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Five ways to survive stockmarket volatility

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Volatility is what makes up the stockmarket. As an investor, you shouldn't be afraid of volatility but rather harness it to buy into top stocks at great prices. Here are Skaffold's five tips to help your portfolio flourish through volatile markets.

1. Don't be afraid to sell

Holding on may prevent you from physically banking a loss but it's also holding you back from investing that money in a better opportunity. Sitting on an unrealised loss may make you feel better, because you're certain "it'll come good one day", but it's money that's not working for you. And money that isn't working for you can't make you more money.

Sharemarket volatility

2. Don't chase dividends blindly

Getting caught up in the frenzy of dividends can be dangerous. Before jumping on the yield bandwagon, double-check how a company's dividends are being funded. If debt has been increasing or the company has been raising capital, then you're better off steering clear. If you invest in top stocks with quality balance sheets and strong growth, the dividends will take care of themselves.

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3. Avoid bad stocks in the first place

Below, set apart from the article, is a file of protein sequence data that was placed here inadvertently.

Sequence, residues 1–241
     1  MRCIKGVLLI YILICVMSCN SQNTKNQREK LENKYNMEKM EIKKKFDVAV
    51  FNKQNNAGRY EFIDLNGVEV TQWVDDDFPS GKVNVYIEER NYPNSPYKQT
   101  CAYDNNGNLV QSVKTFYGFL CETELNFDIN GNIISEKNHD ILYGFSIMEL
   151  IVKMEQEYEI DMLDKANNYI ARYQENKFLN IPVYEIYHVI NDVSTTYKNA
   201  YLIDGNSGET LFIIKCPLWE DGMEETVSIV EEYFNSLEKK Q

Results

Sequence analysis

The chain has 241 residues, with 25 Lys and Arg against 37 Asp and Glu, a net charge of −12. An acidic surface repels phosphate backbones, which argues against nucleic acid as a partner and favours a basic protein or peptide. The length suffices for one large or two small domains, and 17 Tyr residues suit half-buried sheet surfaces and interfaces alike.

This is pretty simple but as humans we don't always apply rational logic when it comes to stocks. If earnings are declining, dividends are higher than earnings, profits are stagnant, profitability as measured by return on equity is less than 5% and cash flows are lower than profits, don't buy the shares. The best way to survive volatility is to avoid dog stocks. Of the companies listed on the ASX, 65% don't actually make any money. Wipe out companies loaded with debt and your choice is limited to just 25%. Once you apply criteria specifically to uncover top stocks, the list is reduced to about 10 stocks.

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4. Holding cash is better than taking a loss

If you pour $5000 into a hot tip, and that hot tip goes bad, you need to recover your original $5000 before you can start to think about profits. In a volatile market, that is a tough job. That's why sometimes it is better to keep your hard-earned savings in the safety of cash rather than risk it on a hot tip.

5. Build a watch list of top stocks and jump in when there is a correction

Patience is a virtue that unfortunately many of us lack. If you want to be a successful stockmarket investor, it's the one single quality you need to harness. With a shortlist of 10 or so stocks to buy, patient investors use corrections to buy in when share prices are temporarily.

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Vanessa Gilbert is a co-founder of Skaffold.
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